Copyright ©2011 Baishideng Publishing Group Co.
World J Rheumatol. Dec 31, 2011; 1(1): 4-11
Published online Dec 31, 2011. doi: 10.5499/wjr.v1.i1.4
Figure 1
Figure 1 Growth rates of mesenchymal stem cells derived from human synovium and bone marrow. Faster growth rates of clonal synovial mesenchymal stem cell (MSC) cultures compared to standard polyclonal cultures (mixed with synovial fibroblasts; n = 26 donors, aP < 0.05). Bone marrow MSCs are used as the control (n = 9 donors, P = 0.06). Median values are shown as horizontal bars. PD: Population doubling.
Figure 2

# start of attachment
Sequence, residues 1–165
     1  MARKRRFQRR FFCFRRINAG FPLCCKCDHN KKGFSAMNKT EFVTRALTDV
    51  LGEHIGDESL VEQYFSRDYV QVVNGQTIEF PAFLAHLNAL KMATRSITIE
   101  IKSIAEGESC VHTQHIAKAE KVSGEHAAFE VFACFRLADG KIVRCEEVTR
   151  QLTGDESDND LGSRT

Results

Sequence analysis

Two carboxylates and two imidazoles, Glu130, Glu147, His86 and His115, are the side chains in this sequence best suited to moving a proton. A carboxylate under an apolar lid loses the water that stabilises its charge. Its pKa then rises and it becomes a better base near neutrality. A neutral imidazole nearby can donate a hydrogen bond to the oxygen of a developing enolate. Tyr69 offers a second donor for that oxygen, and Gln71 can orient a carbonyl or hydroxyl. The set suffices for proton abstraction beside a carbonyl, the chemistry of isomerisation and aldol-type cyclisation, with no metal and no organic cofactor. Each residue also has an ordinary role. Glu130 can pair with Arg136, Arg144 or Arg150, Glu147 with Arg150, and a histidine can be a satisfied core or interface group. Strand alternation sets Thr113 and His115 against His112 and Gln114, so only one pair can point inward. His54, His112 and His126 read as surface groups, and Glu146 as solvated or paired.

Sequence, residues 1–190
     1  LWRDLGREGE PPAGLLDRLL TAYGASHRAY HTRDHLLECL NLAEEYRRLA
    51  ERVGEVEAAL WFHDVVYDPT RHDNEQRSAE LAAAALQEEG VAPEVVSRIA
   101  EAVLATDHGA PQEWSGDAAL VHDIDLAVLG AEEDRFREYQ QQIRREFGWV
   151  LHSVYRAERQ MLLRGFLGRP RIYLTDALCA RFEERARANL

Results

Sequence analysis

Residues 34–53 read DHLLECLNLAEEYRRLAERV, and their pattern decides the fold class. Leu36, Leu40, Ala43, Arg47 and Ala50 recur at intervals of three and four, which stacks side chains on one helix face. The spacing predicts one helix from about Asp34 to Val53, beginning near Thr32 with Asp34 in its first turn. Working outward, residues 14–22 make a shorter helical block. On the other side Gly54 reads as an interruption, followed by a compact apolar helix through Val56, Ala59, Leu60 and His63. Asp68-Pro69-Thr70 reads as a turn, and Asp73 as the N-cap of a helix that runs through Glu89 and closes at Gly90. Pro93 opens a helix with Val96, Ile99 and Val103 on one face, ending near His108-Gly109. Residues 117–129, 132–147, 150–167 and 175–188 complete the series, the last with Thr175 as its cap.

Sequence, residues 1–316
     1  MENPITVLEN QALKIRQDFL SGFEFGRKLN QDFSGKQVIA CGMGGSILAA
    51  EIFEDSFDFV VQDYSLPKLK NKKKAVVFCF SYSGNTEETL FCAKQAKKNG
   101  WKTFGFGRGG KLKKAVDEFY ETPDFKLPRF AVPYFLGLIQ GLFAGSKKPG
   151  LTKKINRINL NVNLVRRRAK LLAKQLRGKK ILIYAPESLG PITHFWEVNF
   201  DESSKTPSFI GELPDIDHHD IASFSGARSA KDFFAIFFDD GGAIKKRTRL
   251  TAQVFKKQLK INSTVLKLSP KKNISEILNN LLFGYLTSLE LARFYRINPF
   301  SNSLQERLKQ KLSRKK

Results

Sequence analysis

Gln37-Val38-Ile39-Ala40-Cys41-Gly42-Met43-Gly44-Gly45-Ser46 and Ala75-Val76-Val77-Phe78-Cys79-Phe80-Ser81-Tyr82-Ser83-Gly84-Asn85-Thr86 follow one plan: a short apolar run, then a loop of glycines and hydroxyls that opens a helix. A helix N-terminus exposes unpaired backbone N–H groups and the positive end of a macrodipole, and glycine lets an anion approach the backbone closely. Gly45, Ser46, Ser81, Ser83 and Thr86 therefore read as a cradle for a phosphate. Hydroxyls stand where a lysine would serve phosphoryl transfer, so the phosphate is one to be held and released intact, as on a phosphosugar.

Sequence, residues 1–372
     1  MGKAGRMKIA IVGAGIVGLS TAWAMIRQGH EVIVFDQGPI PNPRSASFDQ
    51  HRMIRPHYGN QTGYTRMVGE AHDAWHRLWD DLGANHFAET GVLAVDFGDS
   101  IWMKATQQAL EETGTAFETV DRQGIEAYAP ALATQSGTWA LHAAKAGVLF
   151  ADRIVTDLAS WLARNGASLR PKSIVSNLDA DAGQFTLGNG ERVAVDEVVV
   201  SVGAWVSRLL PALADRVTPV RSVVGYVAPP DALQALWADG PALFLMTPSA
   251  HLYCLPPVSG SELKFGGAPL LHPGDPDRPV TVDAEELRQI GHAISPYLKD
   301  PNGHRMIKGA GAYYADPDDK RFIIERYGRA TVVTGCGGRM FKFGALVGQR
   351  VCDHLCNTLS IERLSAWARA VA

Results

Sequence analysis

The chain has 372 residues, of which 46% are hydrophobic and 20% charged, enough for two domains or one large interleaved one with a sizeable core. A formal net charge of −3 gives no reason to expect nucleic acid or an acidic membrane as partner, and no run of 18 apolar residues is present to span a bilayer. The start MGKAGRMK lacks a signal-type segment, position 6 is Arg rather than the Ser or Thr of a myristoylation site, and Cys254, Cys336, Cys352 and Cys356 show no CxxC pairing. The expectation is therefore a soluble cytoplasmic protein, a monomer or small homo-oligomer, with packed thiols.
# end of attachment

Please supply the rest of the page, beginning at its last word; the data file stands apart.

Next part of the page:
Figure 2 Schematic of the potential involvement of synovial mesenchymal stem cells in cartilage and meniscal repair following injury. Left: Normal joint, only few mesenchymal stem cells (MSCs) escape into the fluid; Right: Cartilage/meniscal injury leads to MSC to egress into fluid and to traffic along chemotactic gradients emanating from injury-induced signaling centers. Proposed topographical niches of synovial MSCs are shown in the inserts and include synovial lining and perivascular distribution in sublining regions.